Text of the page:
As you more or may not know, for the last few days I’ve been at the Wine Bloggers Conference in Charlottesville. An awesome experience overall; sampled lots of great wines (some crappy ones as well), met tons of great people (most of whom I’ve been talking to over the last couple of years on Twitter/Facebook), and enjoyed the company of a number of wine bloggers / marketers I happened upon for the first time.
Saturday night (7/23/11) happened to be a speech by Eric Asimov, an extremely influential wine writer and critic for the New York Times.
One of Eric’s concluding comments to his keynote, which really stood-out for me (bearing in mind he was talking to a room filled with wine bloggers) was “…my advice for the future of all your blogs, is to see if you can go a full year without writing tasting notes on your wine reviews.”
His justification being that wine tasting notes cloud the judgment of consumers, and everyone’s palate is different. Also, he questioned whether descriptors such as “petrol” really have a place in the critical evaluation of a wine.
I think I was one of the few people in the room whom didn’t whole-heartedly agree with what he was advocating.
Indeed, everyone’s palate IS different, I acknowledge that, but I’ve always thought that wine tasting notes and descriptors are a vital reference to the majority of wine drinkers; at the very least when they’re still newborns to the wine world.
I’ve certainly read plenty of tasting notes in my time, but I’d like to think that I approach mine a little different than most other publications. I try my best to keep them very simple and straight-forward. No poetical musings referencing boysenberries, hibiscus and 10 year old leather horse saddle. For a start I’ve never seen a boysenberry, never tasted hibiscus, and as of yet, never sniffed 10 year old leather horse saddle. When I do….well maybe they’ll make their way into my notes. However, the way I approach wine is to give a helping hand to the everyday wine drinker, and not the guy that seeks out saddle leather just so he can drop it into the conversation as a wine descriptor.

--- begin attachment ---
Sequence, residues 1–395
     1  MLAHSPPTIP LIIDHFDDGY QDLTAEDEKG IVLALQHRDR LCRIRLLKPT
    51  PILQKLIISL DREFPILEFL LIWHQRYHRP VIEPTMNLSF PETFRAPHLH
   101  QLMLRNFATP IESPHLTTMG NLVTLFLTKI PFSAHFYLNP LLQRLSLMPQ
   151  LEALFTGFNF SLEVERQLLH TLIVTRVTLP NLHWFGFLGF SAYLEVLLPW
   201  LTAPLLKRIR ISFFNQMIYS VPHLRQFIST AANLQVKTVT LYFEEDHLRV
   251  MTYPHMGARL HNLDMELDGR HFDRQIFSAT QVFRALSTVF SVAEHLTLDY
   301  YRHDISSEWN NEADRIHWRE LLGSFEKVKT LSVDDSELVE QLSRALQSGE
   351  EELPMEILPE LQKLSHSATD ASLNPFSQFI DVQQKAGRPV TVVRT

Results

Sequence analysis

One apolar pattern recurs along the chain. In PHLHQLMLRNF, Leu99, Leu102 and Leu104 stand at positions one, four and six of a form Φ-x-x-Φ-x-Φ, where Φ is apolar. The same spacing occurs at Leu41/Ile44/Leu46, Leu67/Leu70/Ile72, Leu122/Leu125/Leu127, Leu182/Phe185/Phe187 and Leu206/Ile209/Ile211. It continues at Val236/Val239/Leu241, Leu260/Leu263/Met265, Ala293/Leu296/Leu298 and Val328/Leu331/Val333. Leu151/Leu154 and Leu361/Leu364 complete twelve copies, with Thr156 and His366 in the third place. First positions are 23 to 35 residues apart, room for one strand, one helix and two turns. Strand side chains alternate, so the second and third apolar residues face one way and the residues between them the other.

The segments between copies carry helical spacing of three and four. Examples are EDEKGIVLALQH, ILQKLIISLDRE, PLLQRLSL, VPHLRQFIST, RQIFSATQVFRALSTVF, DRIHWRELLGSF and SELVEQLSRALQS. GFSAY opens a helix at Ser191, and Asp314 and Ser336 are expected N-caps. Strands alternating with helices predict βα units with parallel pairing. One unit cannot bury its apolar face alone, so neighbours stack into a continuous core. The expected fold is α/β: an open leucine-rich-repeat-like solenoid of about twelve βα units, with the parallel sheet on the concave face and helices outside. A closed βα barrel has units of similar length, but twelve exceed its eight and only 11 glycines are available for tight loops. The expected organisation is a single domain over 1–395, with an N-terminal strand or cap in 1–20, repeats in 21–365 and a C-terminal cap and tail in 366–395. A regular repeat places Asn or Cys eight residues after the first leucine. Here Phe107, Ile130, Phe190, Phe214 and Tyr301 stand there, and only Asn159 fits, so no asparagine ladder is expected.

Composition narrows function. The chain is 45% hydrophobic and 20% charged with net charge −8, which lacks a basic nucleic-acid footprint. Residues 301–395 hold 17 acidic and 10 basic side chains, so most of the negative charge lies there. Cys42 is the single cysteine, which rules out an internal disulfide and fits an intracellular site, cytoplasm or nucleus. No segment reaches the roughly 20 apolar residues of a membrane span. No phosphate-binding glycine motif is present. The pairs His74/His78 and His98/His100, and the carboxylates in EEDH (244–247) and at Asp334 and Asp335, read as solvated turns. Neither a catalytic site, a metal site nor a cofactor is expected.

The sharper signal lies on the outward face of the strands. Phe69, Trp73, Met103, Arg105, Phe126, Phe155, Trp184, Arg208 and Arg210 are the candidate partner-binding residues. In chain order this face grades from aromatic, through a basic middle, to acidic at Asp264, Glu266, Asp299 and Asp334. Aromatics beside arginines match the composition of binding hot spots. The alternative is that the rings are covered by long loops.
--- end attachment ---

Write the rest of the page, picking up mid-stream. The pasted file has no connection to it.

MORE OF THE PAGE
Saying that; tasting notes are the least touched-upon subject in any of my reviews, as I think they’re also the least interesting. I keep them very basic, and open to a fair amount of interpretation. I would much prefer to educate whomever happens to stumble across one of my reviews, on where the wine comes from, and the cool stories behind the label. I think it’s easier to relate to.
I know most wine writers agreeing with Asimov’s statement would proclaim something along the lines of “Indeed! Why do you need to tell people what they taste? They have their own taste buds. Surely they can taste for themselves!”
My response is, no. No they can’t. Most of the newbie wine drinkers I come across have problems pinpointing even the most “obvious” of flavor components in a wine. That’s why I like to keep it basic, and hold peoples hand into what they taste. I’ve always found that if you provide some gentle guidance, and throw down some subtle clues, that’s when the "Eureka-moment” will come.
As to his comment about using terms such as “petrol”, I would say that some wines smell of petrol, in the same way some wines smell of burnt matches. Is it a marketable and mouth-watering term? No, not really, but it’s a smell which everyone knows and can relate to. Terms like that are unavoidable; just don’t expect to find them on the back of a wine label.
I’ve always thought that tasting notes are very much in the same respect similar to wine scores. Very personal, extremely subjective and always open to misuse. However; in my opinion tasting notes are vital to the evaluation and insight into a wine, and to totally dismiss them is a mistake.